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June 7, 2016

Fork Food Lab raising $30K for public tasting space

Photo / Lori Valigra Neil Spillane (left) and Eric Holstein, co-founders of Fork Food Lab in Portland, are trying to raise $30,000 in a Kickstarter campaign. The funds will go to a tasting room and space for community events.

Neil Spillane and Eric Holstein, co-founders of the Fork Food Lab coming to Portland’s West Bayside neighborhood, want to make their collaborative commercial kitchen about more than food businesses renting space.

The duo launched a $30,000 Kickstarter campaign on June 9, and plan to use all the funds raised for a tasting room to draw in the community to try new foods from and provide feedback to the businesses at the lab.

“This is part of the Food Lab that will be open to everyone,” Holstein, who is chief operating officer, told Mainebiz. Contributors will get different goods depending on the amount they give. For example, $100 gets them a holiday gift basket, while $25 gets access to a tasting session.

The company also plans to hold an event at Portland’s Bayside Bowl on June 15 to promote the crowdfunding campaign.

Spillane and Holstein said they plan to open their 5,700-square-foot space, at 72 Parris St., in August, and hold a large grand opening in September.

So far, Food Lab has 34 letters of intent to use the space from food trucks, food carts, packaged goods makers and caterers, said Spillane, who is CEO. Spillane previously managed the food hub at Urban Farm Fermentory.

One of the members that has signed up is Gelato Fiasco, which, according to Holstein, has about 200 square feet of space in which it will have an open kitchen where consumers can come and taste or suggest experimental flavors.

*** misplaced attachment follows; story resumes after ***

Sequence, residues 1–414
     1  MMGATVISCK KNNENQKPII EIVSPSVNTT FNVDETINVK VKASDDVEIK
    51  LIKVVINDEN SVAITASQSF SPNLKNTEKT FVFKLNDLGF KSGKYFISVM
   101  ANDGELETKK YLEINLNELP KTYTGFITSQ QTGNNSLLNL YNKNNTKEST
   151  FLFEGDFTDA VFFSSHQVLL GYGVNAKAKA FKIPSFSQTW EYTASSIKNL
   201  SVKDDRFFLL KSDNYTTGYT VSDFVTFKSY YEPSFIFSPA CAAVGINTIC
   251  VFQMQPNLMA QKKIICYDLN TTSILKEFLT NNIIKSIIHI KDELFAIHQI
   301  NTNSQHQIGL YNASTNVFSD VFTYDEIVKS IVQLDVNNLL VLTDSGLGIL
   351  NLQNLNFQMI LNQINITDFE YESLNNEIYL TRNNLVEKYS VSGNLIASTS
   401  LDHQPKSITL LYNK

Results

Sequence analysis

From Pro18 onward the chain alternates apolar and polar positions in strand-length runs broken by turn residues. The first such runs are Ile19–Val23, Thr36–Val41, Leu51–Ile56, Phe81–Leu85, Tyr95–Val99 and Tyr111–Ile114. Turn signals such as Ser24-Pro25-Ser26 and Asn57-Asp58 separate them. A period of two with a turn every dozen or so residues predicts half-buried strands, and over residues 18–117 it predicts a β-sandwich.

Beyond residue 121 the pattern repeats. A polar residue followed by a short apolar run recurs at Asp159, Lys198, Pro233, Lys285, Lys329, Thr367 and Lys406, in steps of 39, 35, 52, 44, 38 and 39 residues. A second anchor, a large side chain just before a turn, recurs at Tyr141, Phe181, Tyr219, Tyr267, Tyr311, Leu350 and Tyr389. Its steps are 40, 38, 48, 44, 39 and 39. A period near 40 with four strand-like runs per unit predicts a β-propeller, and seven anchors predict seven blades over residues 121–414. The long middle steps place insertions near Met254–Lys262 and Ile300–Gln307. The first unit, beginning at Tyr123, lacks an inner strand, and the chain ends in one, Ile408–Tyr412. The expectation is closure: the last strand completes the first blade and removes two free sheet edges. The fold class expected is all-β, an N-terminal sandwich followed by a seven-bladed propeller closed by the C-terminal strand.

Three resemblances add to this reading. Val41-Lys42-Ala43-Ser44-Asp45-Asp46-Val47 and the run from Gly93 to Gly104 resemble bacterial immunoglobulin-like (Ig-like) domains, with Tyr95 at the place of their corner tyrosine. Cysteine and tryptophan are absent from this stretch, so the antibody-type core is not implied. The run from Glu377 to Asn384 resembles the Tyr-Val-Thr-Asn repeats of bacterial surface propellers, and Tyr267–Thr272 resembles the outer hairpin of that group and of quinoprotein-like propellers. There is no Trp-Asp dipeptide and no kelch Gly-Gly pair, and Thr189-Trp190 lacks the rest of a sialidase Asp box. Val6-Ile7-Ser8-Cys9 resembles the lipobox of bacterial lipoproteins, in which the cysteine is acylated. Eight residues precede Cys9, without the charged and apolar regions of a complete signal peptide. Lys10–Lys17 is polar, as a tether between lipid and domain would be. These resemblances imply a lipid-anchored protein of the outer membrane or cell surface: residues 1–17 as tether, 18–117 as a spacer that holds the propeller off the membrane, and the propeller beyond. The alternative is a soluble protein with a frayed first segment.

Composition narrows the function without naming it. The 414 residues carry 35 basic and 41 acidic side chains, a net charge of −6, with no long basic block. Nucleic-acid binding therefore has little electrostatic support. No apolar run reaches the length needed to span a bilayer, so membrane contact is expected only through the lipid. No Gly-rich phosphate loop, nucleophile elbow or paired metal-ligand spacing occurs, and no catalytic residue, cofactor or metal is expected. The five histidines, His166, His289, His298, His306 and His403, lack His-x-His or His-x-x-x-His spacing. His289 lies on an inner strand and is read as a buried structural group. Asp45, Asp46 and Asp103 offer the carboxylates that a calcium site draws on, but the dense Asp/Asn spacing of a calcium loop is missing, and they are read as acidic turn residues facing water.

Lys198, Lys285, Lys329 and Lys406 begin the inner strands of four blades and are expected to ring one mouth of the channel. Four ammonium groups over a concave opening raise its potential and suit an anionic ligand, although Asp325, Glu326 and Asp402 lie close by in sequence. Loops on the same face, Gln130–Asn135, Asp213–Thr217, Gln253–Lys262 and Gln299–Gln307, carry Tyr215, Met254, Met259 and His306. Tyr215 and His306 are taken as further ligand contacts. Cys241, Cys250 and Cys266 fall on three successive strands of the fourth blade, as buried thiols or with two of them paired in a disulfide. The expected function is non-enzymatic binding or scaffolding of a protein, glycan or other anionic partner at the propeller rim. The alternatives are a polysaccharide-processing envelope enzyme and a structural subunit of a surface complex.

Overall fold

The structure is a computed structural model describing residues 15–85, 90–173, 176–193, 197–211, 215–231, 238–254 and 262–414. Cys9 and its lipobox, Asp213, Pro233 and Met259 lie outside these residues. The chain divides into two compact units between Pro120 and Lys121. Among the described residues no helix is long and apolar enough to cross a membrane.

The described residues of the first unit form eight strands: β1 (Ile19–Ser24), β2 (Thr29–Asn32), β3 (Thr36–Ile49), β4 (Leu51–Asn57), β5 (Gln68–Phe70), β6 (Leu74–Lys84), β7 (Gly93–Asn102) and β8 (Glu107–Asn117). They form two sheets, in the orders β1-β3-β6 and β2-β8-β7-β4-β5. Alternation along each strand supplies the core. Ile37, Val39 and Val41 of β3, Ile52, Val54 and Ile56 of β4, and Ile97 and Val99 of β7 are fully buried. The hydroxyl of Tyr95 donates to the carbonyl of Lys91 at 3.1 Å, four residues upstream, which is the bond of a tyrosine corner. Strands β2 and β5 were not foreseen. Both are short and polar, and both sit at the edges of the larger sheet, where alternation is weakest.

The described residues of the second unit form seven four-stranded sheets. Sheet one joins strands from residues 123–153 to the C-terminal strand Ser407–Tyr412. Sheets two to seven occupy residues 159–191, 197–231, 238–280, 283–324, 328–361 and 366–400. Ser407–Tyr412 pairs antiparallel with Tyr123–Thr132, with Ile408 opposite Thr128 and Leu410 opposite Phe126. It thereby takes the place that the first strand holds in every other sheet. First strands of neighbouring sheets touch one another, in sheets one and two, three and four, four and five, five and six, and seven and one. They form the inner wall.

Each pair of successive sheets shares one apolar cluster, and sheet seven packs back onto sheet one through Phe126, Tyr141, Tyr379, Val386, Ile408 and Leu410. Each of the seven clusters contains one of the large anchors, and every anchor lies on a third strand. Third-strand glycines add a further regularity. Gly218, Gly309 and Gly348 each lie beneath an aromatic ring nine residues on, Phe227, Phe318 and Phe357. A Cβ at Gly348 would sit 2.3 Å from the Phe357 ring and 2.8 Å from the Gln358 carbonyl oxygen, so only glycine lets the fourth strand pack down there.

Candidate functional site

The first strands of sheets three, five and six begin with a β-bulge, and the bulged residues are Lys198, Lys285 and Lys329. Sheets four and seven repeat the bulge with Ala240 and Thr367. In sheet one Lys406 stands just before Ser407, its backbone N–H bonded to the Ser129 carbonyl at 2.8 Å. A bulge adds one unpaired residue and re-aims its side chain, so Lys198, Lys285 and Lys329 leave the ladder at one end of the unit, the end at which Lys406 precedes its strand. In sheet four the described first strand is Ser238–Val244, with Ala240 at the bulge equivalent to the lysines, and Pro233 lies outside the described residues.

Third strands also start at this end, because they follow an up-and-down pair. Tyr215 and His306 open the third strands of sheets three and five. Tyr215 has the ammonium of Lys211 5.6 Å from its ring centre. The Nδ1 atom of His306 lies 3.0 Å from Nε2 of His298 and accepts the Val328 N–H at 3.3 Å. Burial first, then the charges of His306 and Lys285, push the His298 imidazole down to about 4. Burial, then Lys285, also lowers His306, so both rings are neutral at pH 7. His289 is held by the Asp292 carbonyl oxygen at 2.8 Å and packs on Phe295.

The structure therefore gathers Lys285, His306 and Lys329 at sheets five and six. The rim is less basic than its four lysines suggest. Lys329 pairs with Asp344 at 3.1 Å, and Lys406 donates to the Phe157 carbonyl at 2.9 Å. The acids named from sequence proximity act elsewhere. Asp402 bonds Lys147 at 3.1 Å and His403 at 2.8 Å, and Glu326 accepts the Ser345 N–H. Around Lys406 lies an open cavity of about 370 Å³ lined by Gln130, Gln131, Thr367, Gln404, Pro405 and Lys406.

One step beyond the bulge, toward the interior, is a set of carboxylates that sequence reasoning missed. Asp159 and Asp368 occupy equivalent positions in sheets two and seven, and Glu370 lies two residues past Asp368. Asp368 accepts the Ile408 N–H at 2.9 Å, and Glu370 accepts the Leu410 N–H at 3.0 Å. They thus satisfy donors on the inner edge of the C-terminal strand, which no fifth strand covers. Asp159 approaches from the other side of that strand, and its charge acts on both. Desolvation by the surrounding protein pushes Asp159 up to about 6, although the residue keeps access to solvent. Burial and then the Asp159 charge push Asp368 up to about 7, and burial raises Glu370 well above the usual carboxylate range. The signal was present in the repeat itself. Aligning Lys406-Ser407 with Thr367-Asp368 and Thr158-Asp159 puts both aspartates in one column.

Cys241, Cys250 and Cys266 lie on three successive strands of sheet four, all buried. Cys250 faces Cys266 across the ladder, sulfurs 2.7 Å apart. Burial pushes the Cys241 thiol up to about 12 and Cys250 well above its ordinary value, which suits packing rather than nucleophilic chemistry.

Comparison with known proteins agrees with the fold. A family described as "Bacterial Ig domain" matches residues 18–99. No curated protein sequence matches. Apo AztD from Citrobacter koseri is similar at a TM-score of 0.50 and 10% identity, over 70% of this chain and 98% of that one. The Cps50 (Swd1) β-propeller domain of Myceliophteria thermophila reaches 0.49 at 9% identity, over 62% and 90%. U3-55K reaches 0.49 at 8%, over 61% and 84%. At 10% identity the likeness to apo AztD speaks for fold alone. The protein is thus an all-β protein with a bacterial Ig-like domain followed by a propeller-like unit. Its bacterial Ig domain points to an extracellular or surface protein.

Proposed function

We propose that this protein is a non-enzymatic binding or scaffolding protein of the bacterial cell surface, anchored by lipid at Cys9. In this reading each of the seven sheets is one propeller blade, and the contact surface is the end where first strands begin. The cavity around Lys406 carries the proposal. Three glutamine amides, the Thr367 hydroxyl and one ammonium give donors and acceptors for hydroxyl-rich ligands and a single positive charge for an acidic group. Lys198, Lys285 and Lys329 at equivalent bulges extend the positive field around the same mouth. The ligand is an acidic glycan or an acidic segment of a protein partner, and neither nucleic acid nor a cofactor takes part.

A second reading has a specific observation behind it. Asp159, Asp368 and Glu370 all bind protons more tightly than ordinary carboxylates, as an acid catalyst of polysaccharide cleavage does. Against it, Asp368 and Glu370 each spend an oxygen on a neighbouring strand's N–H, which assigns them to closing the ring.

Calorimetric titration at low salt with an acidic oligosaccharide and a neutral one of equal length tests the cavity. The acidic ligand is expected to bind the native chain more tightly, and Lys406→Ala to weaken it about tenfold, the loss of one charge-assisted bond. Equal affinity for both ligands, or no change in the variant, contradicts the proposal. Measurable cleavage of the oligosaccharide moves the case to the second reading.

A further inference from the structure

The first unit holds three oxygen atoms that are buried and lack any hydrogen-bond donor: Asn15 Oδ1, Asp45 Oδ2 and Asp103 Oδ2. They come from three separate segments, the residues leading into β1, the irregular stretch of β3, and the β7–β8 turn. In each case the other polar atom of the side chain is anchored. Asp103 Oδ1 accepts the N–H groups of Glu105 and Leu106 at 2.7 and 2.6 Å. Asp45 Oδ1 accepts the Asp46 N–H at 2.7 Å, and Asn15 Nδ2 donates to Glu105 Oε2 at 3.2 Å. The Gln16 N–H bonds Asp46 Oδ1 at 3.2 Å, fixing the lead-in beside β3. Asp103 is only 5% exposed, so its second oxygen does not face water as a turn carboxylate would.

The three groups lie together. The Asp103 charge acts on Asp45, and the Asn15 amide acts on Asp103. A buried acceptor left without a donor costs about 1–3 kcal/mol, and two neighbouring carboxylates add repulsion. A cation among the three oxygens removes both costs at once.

“It’s from the bottom up, from the customers,” Spillane said about the approach. “People eating the food will make it. It empowers Mainers and there’s more control, more transparency.”

Food Lab space runs $800 per month for full-time lessees and $500 for part-timers up to 16 hours per week. The Food Lab has 10 ovens currently, 500 square feet of cold storage and an area for dry storage.

Spillane and Holstein emphasized that food is not just about the recipe, however. “The hardest part is executing,” Holstein said.

Holstein graduated from Colby College with a degree in administrative science and a focus on hospitality finance. Spillane, a native of Brunswick, has a bachelor of science degree in business finance from the University of Maine, Orono, and an MBA from Quinnipiac University in Hamden, Conn. They both said their education and experience will help them guide the businesses locating in the shared kitchen space.

Read more

Food lab planned for West Bayside site

Fork Food Lab receives accolades for job creation, economic development

Morning Dew Farm turns to crowdfunding in hopes of 68-acre purchase

Portland gets its first taste of the Fork Food Lab

City of Portland eyes development for Bayside property

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